A colourist can be defined as artists who give priority to the creation of colour-based experiences in their paintings. The problem is that it can be used in significantly different ways. In two Posts I suggest two approaches to the unraveling the consequent ambiguities. This post contrasts the very different meanings of the word for three particular 20th century painters who have been described as colourists. The second Post will analyse its meaning when used in the phrase “Venetian Colourists”.
First approach: Three distinct types of colourist compared
I had two artist teachers who described themselves as colourists. One was interested in whole-field colour relations and the other in local colour-contrast effects. Both represented widely accepted meanings of the word.
Marian Bohusz-Szyszko, the Polish artist, teacher and mathematician, thought in terms of a multiplicity of colours (in principle many hundreds of thousands) and, more precisely, the effect of each and every colour on the picture surface on each and every other colour on it.
Michael Kidner, the English “Systems Painter”, thought in terms of a very limited number of colours (for example, two, three or four) and was principally interested either in local interactions between them or in their denotative function in his systems.
A well known American artist, had different ideas:
Ellsworth Kelly felt that both of the approaches to colour just described divert attention from the experience of colour as itself. He came to the conclusion that the only way of providing a pure experience of colour was to cover the entire surface of a painting with a single colour.
But these are only three examples and many other possibilities exist. For instance, I have met artists and viewers who seem to think that producing more or less any array of what they consider to be colourful colours qualifies them as colourists, no matter how garish and discordant the results appear to the eyes of others.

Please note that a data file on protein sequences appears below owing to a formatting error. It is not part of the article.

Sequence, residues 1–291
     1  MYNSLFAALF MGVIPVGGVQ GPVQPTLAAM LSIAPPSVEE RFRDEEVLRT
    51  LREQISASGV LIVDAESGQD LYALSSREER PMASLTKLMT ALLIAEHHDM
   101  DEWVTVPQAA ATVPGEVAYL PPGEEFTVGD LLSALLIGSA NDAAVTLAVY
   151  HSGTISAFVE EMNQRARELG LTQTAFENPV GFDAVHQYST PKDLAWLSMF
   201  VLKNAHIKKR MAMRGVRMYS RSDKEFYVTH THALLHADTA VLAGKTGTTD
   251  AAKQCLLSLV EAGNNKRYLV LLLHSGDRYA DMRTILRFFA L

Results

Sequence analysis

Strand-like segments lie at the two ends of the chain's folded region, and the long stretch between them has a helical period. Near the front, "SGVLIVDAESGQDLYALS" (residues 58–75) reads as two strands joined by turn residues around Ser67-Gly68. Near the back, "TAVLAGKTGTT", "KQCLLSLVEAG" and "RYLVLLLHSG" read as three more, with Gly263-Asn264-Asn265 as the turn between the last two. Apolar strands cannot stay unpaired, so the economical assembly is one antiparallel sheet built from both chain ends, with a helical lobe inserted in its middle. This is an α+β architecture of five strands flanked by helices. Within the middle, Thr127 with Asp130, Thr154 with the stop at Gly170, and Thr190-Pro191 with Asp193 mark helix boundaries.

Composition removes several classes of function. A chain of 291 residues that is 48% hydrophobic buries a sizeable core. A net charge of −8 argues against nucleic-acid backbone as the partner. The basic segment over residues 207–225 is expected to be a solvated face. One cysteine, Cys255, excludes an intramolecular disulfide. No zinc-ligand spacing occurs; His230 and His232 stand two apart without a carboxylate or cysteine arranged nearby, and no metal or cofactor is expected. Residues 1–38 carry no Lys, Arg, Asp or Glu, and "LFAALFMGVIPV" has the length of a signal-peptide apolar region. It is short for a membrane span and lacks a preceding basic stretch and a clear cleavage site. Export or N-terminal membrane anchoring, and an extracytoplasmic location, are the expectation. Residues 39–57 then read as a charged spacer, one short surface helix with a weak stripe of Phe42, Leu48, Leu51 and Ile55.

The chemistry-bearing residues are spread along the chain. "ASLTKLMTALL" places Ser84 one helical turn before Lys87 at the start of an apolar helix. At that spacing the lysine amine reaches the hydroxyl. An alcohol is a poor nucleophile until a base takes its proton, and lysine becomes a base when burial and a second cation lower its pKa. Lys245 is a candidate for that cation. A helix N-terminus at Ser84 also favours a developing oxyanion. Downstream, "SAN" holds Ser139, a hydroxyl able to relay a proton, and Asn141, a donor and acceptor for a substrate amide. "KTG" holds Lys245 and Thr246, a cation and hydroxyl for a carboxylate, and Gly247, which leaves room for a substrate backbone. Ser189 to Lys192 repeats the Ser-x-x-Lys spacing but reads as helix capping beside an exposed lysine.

Ina previous Post, I compared three 20th Century artists who have been described as “colourists”, and who had very different ideas on the place of colour in painting. I also suggested that these were only three among many possibilities.
In this second Post, I comment on the meaning art historians’ give the word “colourist” when writing about two different groups of pioneer artists, one that flourished in the the Italian Renaissance and the other that overturned all sorts of preconceptions in the last part of the nineteenth century. The two groups are:
The Venetian Colourists (Giovanni Bellini, Giorgione, Titian, Tintoretto, etc.) and other, later artists, who kept within the same tradition (Vermeer, Turner, etc.).
The Modernist Painter Colourists of the late nineteenth century (Cézanne, Gauguin, etc) and early twentieth century (Matisse, Bonnard, etc.).
This website provides a way of making a list of categories. The one I have created can be found at the top of the left-hand side margin, written in brown typeface. The categories (in upper case) and sub categories (in lower case) are arranged in alphabetical order. They categories are:‘Creativity’, ‘Drawing’, ‘Extracts from my books’, ‘Miscellaneous subjects’, ‘Painting’, ‘Painting School news’, ‘Science’ and ‘The Glossary’. Click on any of these to access all posts in that category.
Experience shows that many readers find it difficult to find specific Posts by this method. To make it easier, I have created an up to date ‘Contents List’, divided into five categories. Most of the material in the categories “drawing”, “painting” and “creativity” comes from my books on those subjects.
Contents list, listing the five categories and the Posts to be found within each of them:
This post on Horace Lecoq Boisbaudran was promised in to the New Year Letter to Studentsposted in the category “Painting School News“. In this I mentioned the similarities between the teaching methods of Horace Lecoq Boisbaudran and mine. In later posts I will be saying more about these. Meanwhile here is an extract from the “Glossary” to “Drawing on Both Sides of the Brain” that provides an introduction to his ideas and his influence. I have also added the entry for Alphonse Legros, described as his star pupil, who had great success in spreading his ideas to both his own generation and the following ones.